Note: Where available, the PDF/Word icon below is provided to view the complete and fully formatted document
Disclaimer: The Parliamentary Library does not warrant the accuracy of closed captions. These are derived automatically from the broadcaster's signal.
ABC News 24 9am News -

View in ParlView

(generated from captions) This program is not captioned.

This program is not captioned. This program is live captioned by Ericsson Access Services. Today, the citizenship saga continues. One Nation Senator Michael Roberts said he tried to revoke his British ties before the election.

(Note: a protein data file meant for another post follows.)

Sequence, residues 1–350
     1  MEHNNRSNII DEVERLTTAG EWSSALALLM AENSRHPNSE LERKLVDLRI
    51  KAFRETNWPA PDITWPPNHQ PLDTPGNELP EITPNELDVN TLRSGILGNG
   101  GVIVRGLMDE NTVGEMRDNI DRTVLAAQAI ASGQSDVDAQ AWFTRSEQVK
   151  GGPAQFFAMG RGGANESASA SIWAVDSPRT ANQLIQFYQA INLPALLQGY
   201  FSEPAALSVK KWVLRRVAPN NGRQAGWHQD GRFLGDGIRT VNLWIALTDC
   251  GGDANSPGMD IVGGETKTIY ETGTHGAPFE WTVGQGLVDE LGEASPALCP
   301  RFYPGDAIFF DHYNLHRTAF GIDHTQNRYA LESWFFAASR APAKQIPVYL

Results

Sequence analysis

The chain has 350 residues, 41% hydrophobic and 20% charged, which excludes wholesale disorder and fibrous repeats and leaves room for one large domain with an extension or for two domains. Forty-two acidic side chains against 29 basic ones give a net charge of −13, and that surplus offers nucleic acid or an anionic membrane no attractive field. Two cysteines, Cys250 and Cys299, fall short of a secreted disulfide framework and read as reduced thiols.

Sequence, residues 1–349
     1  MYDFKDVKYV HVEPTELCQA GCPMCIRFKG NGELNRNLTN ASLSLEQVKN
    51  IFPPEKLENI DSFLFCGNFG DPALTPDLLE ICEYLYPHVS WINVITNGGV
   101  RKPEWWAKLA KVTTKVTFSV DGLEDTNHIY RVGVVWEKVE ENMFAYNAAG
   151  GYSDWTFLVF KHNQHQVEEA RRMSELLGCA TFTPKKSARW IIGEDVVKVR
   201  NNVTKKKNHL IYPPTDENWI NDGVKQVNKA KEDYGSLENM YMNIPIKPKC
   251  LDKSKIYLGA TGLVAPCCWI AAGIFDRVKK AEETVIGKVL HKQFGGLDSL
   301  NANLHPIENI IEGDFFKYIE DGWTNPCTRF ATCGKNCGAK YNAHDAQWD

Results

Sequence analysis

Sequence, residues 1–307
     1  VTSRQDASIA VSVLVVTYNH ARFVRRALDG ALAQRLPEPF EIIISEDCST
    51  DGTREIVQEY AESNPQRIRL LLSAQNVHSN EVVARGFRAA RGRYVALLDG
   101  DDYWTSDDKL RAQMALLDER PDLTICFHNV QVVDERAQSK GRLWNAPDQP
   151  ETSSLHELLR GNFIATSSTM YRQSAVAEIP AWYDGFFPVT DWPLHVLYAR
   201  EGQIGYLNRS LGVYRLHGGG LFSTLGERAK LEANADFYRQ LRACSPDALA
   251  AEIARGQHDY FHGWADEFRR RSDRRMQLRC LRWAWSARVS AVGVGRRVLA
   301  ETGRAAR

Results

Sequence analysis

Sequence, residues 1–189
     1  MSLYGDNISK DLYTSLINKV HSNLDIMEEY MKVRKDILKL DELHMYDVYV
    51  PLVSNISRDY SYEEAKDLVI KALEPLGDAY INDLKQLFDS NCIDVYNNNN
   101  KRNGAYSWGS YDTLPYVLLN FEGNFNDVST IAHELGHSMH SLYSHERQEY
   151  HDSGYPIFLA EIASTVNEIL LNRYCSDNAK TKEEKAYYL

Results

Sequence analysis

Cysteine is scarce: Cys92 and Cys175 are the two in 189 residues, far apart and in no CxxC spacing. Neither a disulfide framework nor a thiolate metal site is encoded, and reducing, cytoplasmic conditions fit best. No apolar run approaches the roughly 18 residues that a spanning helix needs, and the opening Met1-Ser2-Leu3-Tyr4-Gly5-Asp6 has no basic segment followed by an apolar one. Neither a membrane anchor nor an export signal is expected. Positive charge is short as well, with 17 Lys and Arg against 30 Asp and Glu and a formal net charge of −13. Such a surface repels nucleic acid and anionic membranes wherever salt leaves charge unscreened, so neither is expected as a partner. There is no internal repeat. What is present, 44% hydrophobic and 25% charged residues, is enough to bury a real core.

West Wing meltdown. The new White House Communications Director launches an extraordinary attack on the Chief of Staff. Violence on the streets of Jerusalem after crowds of Muslim workers return to a disputed holy site. On the 50th anniversary of Pine Gap we take a closer look at the secret US spy base near Alice Springs. Hello, welcome to Mornings. I'm Joe O'Brien.